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Turkish warplanes bomb Kurd rebel bases

  • Story Highlights
  • One base in northern Iraq, one in Turkey were bombed
  • No word on whether there are casualties
  • Turkey stepped up attacks on Kurdish rebels after deadly clashes October 4
  • Meanwhile, three killed in bombing outside Baghdad mosque
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(CNN) -- Turkish warplanes bombed two Kurdish rebel bases -- one in northern Iraq and one in Turkey -- on Friday, the Turkish military announced, according to CNN Turk.

The warplanes bombed a Kurdistan Workers' Party base in the Qandil mountain area in northern Iraq, the military said, according to CNN Turk.

They also bombed a party base about 2 miles (4 kilometers) inside Turkey from its border with Iraq, the military said.

It was not immediately clear whether there were casualties from the attacks.

The Turkish military said 35 rebels have been killed in fighting this week, CNN Turk reported.

An official with the Kurdish Regional Government confirmed the bombing in northern Iraq and said it occurred in the Sulaimaniya province.

The operation began about 1 p.m. Friday and ended about 90 minutes later, the official said.

No other details were provided.

Turkey's military has increased its assaults on suspected Kurdistan Workers' Party targets in response to clashes on October 4 that killed at least 15 Turkish troops in the Turkey-Iraq border region.

Iraqi Kurdish officials, though critical of the Kurdish rebel attacks out of northern Iraq, have denounced the Turkish bombing campaign.

However, on Tuesday, a Turkish delegation led by the country's deputy foreign minister met with Iraqi leaders in Baghdad.

The delegation, led by Turkish Deputy Foreign Minister Murad Ocalik, met with Iraqi Prime Minister Nuri al-Maliki, President Jalal Talabani -- a Kurd -- and the president of Iraq's Kurdish Regional Government, Massoud Barzani, according to government statements.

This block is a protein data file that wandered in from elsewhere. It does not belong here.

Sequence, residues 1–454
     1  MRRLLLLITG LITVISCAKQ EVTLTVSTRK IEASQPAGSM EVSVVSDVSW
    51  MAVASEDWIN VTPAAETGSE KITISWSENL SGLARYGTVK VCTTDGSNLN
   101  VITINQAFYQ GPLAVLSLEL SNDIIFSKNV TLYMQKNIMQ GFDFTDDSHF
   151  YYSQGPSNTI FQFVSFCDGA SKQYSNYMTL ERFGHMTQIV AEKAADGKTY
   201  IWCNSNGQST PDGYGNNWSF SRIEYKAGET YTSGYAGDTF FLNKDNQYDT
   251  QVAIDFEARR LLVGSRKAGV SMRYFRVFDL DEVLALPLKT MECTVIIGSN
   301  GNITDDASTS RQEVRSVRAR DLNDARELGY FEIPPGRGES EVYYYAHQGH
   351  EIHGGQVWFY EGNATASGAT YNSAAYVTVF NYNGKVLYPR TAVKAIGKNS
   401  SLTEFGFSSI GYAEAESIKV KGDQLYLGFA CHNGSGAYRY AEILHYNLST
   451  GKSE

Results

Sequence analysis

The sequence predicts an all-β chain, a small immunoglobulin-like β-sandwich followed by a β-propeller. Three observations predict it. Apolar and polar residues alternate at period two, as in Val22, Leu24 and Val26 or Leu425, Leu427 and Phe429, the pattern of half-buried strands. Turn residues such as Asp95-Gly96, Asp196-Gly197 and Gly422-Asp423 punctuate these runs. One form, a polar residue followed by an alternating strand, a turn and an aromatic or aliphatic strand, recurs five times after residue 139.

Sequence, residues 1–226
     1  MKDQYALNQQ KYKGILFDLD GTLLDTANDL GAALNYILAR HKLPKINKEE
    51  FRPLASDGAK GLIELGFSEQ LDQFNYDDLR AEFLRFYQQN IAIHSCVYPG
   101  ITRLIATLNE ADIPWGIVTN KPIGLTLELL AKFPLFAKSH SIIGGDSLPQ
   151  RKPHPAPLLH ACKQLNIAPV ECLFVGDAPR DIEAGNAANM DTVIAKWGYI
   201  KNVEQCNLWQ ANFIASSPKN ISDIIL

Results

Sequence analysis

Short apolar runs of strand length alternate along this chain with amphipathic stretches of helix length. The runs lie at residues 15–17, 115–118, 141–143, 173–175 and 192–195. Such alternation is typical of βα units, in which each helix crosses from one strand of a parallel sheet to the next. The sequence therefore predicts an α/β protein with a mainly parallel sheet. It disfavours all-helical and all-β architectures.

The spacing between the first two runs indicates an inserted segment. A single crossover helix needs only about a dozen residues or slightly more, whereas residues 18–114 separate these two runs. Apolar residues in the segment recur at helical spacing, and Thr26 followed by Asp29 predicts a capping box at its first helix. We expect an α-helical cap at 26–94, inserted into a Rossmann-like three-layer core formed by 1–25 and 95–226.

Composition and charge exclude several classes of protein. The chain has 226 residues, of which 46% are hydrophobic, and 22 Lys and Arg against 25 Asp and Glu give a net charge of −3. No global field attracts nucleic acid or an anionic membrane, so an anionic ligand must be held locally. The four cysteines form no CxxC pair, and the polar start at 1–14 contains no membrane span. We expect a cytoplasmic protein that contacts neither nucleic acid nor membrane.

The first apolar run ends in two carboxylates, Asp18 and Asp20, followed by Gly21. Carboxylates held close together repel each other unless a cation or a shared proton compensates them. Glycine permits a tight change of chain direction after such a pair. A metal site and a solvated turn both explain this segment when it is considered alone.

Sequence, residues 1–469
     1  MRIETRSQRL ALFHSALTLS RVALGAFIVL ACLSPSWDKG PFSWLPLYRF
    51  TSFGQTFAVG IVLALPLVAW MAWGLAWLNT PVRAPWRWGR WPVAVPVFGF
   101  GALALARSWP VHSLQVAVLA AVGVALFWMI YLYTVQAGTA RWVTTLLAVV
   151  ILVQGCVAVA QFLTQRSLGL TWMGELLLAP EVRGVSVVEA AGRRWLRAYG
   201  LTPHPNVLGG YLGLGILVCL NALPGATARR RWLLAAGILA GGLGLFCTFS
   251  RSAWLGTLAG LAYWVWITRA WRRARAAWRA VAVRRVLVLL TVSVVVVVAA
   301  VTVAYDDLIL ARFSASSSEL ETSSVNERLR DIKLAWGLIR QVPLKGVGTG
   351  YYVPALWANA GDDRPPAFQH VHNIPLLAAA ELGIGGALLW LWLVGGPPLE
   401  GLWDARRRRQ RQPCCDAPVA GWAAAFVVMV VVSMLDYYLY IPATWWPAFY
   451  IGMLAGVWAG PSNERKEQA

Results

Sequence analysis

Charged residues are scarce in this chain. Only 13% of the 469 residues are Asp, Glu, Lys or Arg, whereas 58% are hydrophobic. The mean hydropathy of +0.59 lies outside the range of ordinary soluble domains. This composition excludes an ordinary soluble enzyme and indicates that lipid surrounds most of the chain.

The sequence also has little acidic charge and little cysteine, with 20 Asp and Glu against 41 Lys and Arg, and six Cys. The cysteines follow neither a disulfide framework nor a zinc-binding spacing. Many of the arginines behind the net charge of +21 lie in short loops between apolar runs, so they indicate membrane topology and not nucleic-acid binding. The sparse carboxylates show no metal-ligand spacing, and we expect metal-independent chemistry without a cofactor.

Speaking to Talabani, Ocalik said that the meeting with Barzani went well and that he intends to visit Irbil, the capital of Iraqi Kurdistan, the president's office said.

During Ocalik's meeting with al-Maliki, the Iraqi leader insisted the two countries strengthen their cooperation in dealing with Kurdish rebels who operate along the Turkey-Iraq border, according to a statement from al-Maliki's office.

Al-Maliki also came down on Kurdish terrorist activities launched from Iraqi soil against Turkey, the statement said.

Ocalik stressed to the Iraqi leader his country's desire to adopt "decisive procedures" to stem the threat posed by the Kurdistan Workers' Party but also noted Turkey's willingness to support the Iraqi government in all fields.

On Monday, Turkish warplanes and artillery units bombed suspected rebel positions in villages near Amadi in Iraq's Duhuk Province, a Kurdish Regional Government security official said.

The Turkish military says that is the same area where it hit senior Kurdistan Workers Party leaders in similar strikes Sunday. There have been no confirmed casualties from either raid.

The central Iraqi government has labeled the Kurdish group a terrorist organization, banning its activities and closing its offices in the country two years ago. The United States and the European Union also consider it a terrorist group.

Though the Iraqi government opposes it, the organization continues to operate in the Qandil mountains bordering Turkey and Iran in northern Iraq. The separatist faction has been fighting for self-rule in southeastern Turkey.

Meanwhile Friday, a roadside bomb exploded outside a Shiite mosque in northeast Baghdad's Shaab neighborhood, killing three worshippers and wounding seven others, an Iraqi Interior Ministry official said.

The bomb exploded as worshippers were leaving the mosque at the conclusion of noon prayers, the official said.

CNN's Mohammed Tawfeeq contributed to this report.

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